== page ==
Federal Triangle in Washington, District of Columbia — The American Northeast (Mid-Atlantic)
Grandeur for the People
Make No Little Plans
—Federal Triangle Heritage Trail —
In 1898 the United States won the Spanish-American War, and national leaders began questioning whether their capital city reflected the nation's new importance in world affairs. This viewpoint, the centennial in 1900 of the federal government's arrival in Washington in 1800, and concerns of the nation's foremost architects spurred the Senate Park Commission, led by Senator James McMillan, to develop a new city plan. The McMillan Plan revived and expanded elements of Pierre L'Enfant's 1791 vision for the capital. It also looked to the Beaux-Arts style of buildings at the 1893 Chicago World's Columbian Exposition (world's fair). The fair awed visitors and launched the City Beautiful movement, which promoted classically inspired groups of buildings for governmental or institutional functions. The McMillan Plan redesigned the National Mall and designated this 70-acre triangle for new government offices. Before World War I intervened, however, only one structure was built, the John
In 1926 President Calvin Coolidge signed the Public Buildings Act, revived the McMillan Plan, and assigned Treasury Secretary Andrew Mellon to work with leading American architects to create the Federal Triangle. It stands today as the nation's largest great public project combining classical architecture and sculpture.
The U.S. Navy Memorial across the street was dedicated in 1987, the Navy's 212th anniversary.
You are standing in the Federal Triangle, a group of buildings whose grandeur symbolizes the power and dignity of the United States. Located between the White House and the Capitol, these buildings house key agencies of the U.S. Government.
The Federal Triangle is united by the use of neoclassical revival architecture, drawing from styles of ancient Greece and Rome that have influenced public buildings throughout the ages. Although each structure was designed for a specific government department or agency, they all share limestone façades, red-tiled roofs and classical colonnades. Their architectural features, following traditions of the Parisian School of Fine Arts (École des Beaux-Arts), illustrate each building's original purpose. Most of the Federal Triangle was constructed between 1927 and 1938. However, the Old Post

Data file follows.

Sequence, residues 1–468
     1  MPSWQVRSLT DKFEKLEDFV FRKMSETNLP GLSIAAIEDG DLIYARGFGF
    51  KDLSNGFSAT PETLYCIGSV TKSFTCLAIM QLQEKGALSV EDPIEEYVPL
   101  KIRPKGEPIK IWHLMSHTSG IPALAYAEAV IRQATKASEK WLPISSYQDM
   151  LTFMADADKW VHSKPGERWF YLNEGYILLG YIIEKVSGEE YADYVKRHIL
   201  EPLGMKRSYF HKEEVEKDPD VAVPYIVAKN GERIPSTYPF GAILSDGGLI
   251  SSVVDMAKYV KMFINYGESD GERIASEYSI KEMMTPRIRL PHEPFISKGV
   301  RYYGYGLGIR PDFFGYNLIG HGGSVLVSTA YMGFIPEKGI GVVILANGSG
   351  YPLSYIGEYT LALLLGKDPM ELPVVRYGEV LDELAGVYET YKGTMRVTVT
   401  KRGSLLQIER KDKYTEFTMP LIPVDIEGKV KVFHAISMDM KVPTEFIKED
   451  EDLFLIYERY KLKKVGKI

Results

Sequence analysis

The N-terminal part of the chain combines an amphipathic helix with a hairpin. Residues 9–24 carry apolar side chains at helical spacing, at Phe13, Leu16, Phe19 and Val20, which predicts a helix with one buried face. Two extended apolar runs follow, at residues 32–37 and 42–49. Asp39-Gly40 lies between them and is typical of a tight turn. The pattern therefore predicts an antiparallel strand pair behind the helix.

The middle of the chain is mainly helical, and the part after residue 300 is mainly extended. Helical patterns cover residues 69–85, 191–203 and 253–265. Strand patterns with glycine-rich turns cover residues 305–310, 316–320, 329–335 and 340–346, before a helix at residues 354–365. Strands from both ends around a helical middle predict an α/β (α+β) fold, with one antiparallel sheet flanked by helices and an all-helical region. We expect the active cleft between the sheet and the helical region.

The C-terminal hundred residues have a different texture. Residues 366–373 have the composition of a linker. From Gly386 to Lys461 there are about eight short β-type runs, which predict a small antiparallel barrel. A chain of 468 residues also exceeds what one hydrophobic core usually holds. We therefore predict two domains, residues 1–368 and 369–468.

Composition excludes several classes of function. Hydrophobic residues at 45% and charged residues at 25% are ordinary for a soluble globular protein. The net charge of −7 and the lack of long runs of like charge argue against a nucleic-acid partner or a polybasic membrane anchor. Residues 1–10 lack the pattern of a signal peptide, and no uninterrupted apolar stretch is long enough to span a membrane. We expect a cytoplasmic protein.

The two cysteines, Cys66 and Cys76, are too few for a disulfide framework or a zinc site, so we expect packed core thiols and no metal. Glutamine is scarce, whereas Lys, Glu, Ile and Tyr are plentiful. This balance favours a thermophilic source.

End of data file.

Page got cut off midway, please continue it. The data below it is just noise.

In 1791 Pierre L'Enfant designed a city plan for the new cpaital in Washington under the direction of George Washington and Thomas Jefferson. The L'Enfant Plan overlaid broad avenues on a street grid with areas reserved for prominent buildings and parks. This area originally followed L'Enfant's vision as a center for businesses serving the municipal and federal governments. By the time of the Civil War (1861-1865), it had become a hodgepodge of boarding houses, stables, and light industry. This disarray, and the growing need for government office space, led to calls for redevelopment. In 1901 the Senate Park Commission, known as the McMillan Commission, created a new plan for Washington's parks and monumental areas and redefined the Triangle as a government center. In 1926 Congress authorized a massive building program that drew inspiration from classical architecture to create today's monumental Federal Triangle.
Make No Little Plans: Federal Triangle Heritage Trail is an Official Washington, D.C. Walking Trail. The self-guided, 1.75-mile tour of 16 signs offers about one hour of gentle exercise. Its theme comes from "Make no little plans, they have no magic to stir men's blood. Make big plans,"
For more information on Federal Triangle buildings, please visit www.gsa.gov. For more information on DC neighborhoods and walking tours, please visit www.CulturalTourismDC.org.
Make No Little Plans: Federal Triangle Heritage Trail is produced by the U.S. General Services Administration in collaboration with the District Department of Transportation and Cultural Tourism DC.
Erected 2012 by Cultural Tourism DC. (Marker Number 2.)
Location. 38° 53.6′ N, 77° 1.4′ W. Marker is in Federal Triangle, District of Columbia, in Washington. Marker is at the intersection of Pennsylvania Avenue and 9th Street NW, on the right when traveling east on Pennsylvania Avenue. Click for map. Marker is in this post office area: Washington DC 20408, United States of America.
Other nearby markers. At least 8 other markers are within walking distance of this marker. In Memory of Franklin Delano Roosevelt (within shouting distance of this marker); The United States Navy Memorial (within shouting distance of this marker); America's Main Street (within shouting distance of this marker); Chief Petty Officers' General Winfield Scott Hancock (about 400 feet away); The Navy Memorial - from Bow to Stern (about 400 feet away); Temple for Our History (about 400 feet away); Nathan Hale (about 500 feet away).
Categories. • Government • Notable Buildings •
Credits. This page originally submitted on , by Craig Swain of Leesburg, Virginia. This page has been viewed 585 times since then and 86 times this year. Photos: 1. submitted on , by Craig Swain of Leesburg, Virginia. 2, 3, 4, 5, 6, 7, 8, 9. submitted on , by Craig Swain of Leesburg, Virginia. 10. submitted on , by J. Makali Bruton of San Salvador, El Salvador. This page was last revised on September 13, 2016.